Aloud: Voices from the Nuyorican Poets Cafe
DescriptionFrom New York to Nashville, Boston to L.A., a bohemian rhapsody of rap swagger is spreading across the land. As the "New York Observer" writes: "The poetry corpse is stirring, " its healing heart is "a big, dark, brick-walled loft on Third Street and Avenue C called the Nuyorican Poets Cafe. It's democratic, multicultural...sometimes funny, sometimes ribald. It has the vitality of vulgarity."
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"[This] is a fun, wild, and fascinating volume of poems from what Holman calls 'a home for the tradition that has no home but your ear' . . . Aloud is significant in its openness, its verbal power, and the undeniable fact that its performers are changing things without giving a damn how many walls they tear down." --Ray Gonzalez, The Nation
"Manhattan's Nuyorican Poets Cafe, located in the low-rent district of Alphabet City, has become well-known over the past two decades for its poetry performances and 'slams.' Founded by Miguel Algarin and the late Miguel Pinero, it is the home for New York's Puerto Rican poets and other poets of various nationalities and ethnic groups. This remarkably full collection, winner of the 1994 American Book Award from the Before Columbus Foundation, includes 260 poems by 145 poets of highly varied voices, a breadth that gives the anthology an urban energy that has transferred well from stage to page. Most of the works are interesting to read, some are heartrending, and others just plain fun. Nicole Breedlove's poem about growing up on welfare ("And my brother / joined the army / to get away / from the government"), Dael Orlandersmith's "Poem for Anne Sexton" ("Her perfume is the bathwater / of faded party girls"), and Sapphire's troubled "In My Father's House" ("my mother slipped on her sweater & disappeared") are a few of the many standouts. Bob Holman's "Invocation" (a sort of foreword), Algarin's introduction, and the sometimes witty, sometimes precious authors' biographies are not to be missed. Highly recommended." --Library Journal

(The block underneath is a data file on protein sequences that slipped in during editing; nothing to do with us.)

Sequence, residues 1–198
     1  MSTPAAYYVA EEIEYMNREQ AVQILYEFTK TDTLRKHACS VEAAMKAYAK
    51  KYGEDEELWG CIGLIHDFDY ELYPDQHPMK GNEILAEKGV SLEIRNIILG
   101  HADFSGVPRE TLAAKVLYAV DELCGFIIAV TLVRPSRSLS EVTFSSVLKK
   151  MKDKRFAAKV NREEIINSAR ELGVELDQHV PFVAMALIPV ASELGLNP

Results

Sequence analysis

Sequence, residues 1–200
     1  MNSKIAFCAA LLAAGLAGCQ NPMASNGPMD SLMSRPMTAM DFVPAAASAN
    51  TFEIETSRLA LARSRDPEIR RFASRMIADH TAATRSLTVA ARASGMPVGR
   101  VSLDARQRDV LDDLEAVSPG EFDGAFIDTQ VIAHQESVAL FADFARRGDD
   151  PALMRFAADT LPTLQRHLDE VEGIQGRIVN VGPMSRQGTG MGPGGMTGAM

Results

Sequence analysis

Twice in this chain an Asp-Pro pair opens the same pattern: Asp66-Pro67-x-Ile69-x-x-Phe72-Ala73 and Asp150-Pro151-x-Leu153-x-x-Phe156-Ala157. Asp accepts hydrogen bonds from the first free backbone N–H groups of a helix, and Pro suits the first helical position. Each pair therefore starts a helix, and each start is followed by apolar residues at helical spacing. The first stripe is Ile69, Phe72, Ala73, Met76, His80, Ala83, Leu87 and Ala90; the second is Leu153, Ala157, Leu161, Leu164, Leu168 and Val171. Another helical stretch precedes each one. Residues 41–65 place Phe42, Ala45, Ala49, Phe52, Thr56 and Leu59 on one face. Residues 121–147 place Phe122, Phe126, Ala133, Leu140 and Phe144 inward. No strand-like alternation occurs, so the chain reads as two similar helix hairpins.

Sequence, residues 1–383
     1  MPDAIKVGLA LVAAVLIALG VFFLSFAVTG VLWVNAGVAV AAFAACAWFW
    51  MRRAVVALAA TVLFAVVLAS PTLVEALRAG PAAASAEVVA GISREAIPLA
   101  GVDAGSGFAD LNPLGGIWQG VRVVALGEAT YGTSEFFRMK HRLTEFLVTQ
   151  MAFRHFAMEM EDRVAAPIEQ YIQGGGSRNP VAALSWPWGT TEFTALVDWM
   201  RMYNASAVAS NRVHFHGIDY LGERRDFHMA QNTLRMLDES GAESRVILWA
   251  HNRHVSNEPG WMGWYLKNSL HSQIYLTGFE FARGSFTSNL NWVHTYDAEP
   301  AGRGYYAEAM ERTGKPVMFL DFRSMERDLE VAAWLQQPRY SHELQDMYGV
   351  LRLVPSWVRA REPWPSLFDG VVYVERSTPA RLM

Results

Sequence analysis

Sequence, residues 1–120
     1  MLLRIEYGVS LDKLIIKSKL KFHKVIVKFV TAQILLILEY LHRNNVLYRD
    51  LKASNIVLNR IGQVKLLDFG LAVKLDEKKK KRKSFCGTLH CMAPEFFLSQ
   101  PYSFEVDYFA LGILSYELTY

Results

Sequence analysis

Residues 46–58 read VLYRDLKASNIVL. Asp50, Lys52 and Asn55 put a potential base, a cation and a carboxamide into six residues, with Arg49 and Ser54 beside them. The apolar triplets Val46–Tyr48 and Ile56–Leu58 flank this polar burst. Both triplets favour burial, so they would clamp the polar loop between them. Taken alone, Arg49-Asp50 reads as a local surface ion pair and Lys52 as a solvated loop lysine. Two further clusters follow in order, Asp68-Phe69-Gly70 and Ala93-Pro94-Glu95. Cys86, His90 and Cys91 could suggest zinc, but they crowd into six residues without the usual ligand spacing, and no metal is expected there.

"New York City's Nuyorican Poets Cafe, a Lower East Side institution, is known for hosting poetry slams, or public recitals of poems competitively graded by the audience. This is participatory performance poetry with an urban groundswell behind it--oral, multicultural, political, uninhibited . . . The vitality of [Aloud] is conspicuous even when its anarchy causes some impatience. A maximalist poetry--compounded of emotional drive, visceral detail, real-life words and rhythms--offers something vigorous even when it reads as virtually unedited. The voices collected (more than 100) are challenging." --Publishers Weekly